NASA is considering whether an emergency spacewalk by the crew of space shuttle Discovery is needed to clear a stuck valve in a critical cooling loop at the International Space Station, officials said Wednesday.
Mission Control would have to add a 15th day to the shuttle flight in order to squeeze in the spacewalk, which would be the fourth for this mission.
Flight director Ron Spencer said repeated attempts from the ground to open the nitrogen valve by remote control have failed. Unless flight controllers somehow succeed, a spacewalk will be required — either by Discovery's astronauts or by the space station crew after the shuttle leaves.
Discovery currently is set to depart Saturday. Mission managers hope to make a decision by Thursday on whether shuttle astronauts should tackle the repair job.
The nitrogen valve failed to open Tuesday after spacewalkers Rick Mastracchio and Clayton Anderson hooked up a new ammonia tank. Nitrogen is needed to pressurize the ammonia coolant.
For now, the space station is being cooled properly. But the valve needs to be opened by about late April, when a period of intense sunlight on the complex heats it more than usual, at least on one side. Ammonia expands with heat even more than water, Spencer noted.
As a precaution against thermal-enduced damage, half of the station's electronics likely would have to be turned off. Spencer said it's uncertain whether the station could support all six full-time residents, if that were to happen.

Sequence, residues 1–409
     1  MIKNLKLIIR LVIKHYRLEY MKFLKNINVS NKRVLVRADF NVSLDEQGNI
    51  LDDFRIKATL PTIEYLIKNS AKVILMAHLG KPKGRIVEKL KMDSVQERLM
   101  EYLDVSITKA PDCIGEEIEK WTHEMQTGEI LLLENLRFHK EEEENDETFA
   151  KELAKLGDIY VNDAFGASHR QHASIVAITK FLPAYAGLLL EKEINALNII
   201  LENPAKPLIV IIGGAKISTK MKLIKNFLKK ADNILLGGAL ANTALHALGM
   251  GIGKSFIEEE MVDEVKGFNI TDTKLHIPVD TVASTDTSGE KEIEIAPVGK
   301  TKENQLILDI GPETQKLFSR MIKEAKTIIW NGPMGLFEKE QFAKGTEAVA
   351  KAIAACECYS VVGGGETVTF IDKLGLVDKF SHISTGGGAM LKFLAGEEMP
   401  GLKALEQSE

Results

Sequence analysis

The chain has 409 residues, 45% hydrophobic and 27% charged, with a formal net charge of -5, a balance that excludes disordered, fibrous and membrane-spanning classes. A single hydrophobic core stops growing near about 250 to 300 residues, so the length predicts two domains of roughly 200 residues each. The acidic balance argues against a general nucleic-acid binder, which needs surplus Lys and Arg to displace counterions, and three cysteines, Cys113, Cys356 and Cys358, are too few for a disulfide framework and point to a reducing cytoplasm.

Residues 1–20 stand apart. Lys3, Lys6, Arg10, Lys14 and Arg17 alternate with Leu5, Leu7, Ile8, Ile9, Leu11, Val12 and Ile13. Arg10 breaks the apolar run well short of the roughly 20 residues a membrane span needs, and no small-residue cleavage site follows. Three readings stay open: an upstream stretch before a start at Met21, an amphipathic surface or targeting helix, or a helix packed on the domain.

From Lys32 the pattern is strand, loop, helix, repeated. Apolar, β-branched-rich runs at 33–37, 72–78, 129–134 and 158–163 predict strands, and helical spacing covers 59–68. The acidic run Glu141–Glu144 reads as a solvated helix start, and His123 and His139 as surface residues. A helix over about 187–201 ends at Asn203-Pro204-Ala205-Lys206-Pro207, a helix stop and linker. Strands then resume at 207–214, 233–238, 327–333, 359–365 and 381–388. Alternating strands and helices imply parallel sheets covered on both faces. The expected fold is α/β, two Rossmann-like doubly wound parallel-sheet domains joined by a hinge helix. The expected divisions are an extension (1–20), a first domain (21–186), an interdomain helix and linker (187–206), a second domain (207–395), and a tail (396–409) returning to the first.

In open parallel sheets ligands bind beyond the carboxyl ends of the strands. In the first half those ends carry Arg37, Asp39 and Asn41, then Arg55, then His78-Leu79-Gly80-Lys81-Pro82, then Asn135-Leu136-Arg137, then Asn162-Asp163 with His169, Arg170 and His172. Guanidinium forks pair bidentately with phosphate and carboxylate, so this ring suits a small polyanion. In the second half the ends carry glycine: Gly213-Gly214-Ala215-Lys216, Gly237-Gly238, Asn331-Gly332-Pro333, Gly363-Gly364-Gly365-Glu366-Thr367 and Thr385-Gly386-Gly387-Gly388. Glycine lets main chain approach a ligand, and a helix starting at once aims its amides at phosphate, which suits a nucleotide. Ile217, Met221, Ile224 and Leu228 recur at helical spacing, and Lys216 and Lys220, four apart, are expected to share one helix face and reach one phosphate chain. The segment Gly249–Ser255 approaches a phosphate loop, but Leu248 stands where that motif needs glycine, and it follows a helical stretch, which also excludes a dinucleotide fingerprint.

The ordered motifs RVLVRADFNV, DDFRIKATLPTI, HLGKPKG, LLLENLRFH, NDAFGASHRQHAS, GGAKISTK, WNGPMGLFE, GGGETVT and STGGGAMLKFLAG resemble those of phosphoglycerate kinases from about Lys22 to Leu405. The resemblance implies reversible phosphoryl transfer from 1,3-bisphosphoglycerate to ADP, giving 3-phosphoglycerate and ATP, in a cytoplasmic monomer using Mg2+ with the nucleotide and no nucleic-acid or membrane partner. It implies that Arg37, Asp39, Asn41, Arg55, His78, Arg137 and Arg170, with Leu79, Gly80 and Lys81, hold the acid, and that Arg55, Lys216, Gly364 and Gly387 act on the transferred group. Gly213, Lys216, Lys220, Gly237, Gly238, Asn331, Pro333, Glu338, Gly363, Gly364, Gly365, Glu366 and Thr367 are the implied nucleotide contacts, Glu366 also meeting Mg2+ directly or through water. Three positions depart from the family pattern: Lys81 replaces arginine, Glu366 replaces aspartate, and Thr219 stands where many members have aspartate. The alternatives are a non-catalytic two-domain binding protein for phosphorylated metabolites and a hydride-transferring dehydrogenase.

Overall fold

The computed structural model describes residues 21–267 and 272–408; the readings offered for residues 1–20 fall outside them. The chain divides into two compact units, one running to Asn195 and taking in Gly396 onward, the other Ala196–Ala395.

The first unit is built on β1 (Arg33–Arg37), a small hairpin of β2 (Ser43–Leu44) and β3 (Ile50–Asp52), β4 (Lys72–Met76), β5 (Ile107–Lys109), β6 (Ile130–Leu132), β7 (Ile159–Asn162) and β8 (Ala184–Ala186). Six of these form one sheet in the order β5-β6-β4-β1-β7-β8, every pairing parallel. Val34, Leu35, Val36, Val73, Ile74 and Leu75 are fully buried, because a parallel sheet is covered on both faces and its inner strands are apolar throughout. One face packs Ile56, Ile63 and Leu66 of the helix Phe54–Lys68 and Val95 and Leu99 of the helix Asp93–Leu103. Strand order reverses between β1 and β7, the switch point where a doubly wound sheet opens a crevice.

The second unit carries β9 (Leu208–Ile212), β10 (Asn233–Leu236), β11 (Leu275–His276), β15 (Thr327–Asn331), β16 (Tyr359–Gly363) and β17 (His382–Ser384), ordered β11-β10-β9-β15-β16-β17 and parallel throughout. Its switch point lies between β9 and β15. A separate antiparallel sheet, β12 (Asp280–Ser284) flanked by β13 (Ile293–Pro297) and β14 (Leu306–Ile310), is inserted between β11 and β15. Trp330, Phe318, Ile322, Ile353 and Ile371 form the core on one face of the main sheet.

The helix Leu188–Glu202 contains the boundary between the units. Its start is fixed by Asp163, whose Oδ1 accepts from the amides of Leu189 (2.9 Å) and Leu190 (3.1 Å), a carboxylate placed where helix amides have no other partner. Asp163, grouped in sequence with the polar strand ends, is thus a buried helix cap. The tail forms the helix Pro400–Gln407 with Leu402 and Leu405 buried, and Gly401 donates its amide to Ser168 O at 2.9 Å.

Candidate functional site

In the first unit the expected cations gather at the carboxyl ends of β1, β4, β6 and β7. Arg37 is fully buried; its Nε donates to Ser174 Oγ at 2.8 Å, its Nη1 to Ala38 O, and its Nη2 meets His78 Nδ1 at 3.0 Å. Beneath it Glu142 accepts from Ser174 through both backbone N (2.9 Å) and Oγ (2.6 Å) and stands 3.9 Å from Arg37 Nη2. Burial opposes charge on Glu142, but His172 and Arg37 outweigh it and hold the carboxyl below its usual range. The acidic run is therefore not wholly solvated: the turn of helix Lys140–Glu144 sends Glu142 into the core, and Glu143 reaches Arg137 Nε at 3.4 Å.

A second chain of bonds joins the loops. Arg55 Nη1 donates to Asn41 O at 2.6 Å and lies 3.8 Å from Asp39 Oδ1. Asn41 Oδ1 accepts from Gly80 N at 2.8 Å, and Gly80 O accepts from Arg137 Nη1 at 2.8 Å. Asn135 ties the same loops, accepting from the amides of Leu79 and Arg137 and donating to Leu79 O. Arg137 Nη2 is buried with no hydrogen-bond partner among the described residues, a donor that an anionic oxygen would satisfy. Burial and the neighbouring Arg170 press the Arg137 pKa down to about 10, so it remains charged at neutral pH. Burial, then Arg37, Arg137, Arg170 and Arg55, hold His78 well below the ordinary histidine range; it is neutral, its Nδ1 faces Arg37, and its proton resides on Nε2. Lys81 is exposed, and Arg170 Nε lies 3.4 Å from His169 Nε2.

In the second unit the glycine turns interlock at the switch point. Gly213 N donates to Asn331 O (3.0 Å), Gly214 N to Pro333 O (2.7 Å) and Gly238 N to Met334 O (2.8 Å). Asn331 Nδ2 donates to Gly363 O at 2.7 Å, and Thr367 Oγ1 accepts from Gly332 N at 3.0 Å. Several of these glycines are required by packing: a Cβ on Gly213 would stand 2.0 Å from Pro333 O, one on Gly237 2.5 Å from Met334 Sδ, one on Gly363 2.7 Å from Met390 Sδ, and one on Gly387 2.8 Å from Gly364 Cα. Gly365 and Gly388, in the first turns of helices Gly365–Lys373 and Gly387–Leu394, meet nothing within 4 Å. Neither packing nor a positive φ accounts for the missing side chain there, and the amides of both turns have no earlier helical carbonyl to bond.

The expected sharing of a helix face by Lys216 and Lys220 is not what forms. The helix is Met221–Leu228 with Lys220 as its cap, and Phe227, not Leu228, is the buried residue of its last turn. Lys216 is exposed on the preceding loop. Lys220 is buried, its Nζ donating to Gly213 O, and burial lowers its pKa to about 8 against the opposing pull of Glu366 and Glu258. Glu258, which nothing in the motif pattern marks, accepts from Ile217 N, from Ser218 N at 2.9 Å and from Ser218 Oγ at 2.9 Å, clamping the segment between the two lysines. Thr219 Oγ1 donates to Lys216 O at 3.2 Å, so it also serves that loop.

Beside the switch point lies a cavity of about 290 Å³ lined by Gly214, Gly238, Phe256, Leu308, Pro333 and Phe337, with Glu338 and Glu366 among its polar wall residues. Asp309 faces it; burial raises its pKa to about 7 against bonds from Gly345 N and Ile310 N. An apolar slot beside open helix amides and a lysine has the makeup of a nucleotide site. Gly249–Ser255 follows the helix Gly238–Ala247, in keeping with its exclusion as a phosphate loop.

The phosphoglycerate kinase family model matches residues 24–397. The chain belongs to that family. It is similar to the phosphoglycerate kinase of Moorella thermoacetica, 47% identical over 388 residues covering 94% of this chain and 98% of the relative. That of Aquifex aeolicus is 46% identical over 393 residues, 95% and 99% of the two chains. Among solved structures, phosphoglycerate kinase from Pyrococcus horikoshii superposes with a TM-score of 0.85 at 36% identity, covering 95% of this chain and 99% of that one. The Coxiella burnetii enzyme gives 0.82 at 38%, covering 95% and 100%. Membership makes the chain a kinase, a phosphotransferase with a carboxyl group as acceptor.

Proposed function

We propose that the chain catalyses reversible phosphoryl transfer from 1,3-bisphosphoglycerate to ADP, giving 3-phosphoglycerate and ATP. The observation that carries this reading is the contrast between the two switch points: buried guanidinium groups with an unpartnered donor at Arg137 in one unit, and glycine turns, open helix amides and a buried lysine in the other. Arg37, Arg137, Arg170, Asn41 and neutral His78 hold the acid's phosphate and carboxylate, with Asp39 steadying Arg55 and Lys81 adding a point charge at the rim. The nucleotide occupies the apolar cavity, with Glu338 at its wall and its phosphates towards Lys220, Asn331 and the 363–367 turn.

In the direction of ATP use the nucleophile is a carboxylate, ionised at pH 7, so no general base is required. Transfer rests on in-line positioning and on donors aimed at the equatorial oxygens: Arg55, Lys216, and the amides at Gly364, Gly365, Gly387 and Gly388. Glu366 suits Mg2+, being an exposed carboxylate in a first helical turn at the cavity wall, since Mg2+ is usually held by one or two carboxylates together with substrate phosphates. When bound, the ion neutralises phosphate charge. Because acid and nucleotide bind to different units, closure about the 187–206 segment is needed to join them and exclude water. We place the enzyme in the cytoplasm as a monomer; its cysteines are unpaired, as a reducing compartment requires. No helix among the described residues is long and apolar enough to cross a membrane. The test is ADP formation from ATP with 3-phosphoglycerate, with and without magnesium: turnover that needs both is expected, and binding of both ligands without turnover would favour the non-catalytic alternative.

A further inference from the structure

A spacewalk would involve replacing the entire nitrogen tank assembly, a job performed by previous crews. Two spares happen to be on board. NASA is concerned, however, about asking Mastracchio and Anderson to attempt it. That's because they already have performed three spacewalks and did not train for this particular situation, Spencer said.
On the other hand, replacing the nitrogen tank would be similar to the hookup of the ammonia tank.
"We want to make sure we get it right before we go out there," Spencer told reporters. "We're still sharpening our pencils on what the options are."
It's possible NASA may be able to operate with the stuck valve into May, Spencer said. That would give flight controllers — and the station crew — more time to prepare for the spacewalk repairs.
Engineers are perplexed because the valve worked fine earlier in the mission. Normally, however, the valve is not closed all the way, like it is now. On Wednesday, flight controllers tried heating it up and making it as cold as possible while flying on the nighttime side of Earth. But it would not budge.
Discovery's astronauts are willing to take a stab at it.
During a news conference earlier in the day, Mastracchio said both he and Anderson were feeling fine and would be happy to go out again if necessary.
The two had to struggle with stiff bolts on each of the three spacewalks to replace the ammonia tank.
"It may have seemed like we were working hard," Mastracchio told reporters. "But actually as we were struggling with those bolts, we were just doing a lot more thinking than we were actually working."
"Today, Clay and I feel fine. And if necessary, we'll go out for future spacewalks, but hopefully, none of those will be required."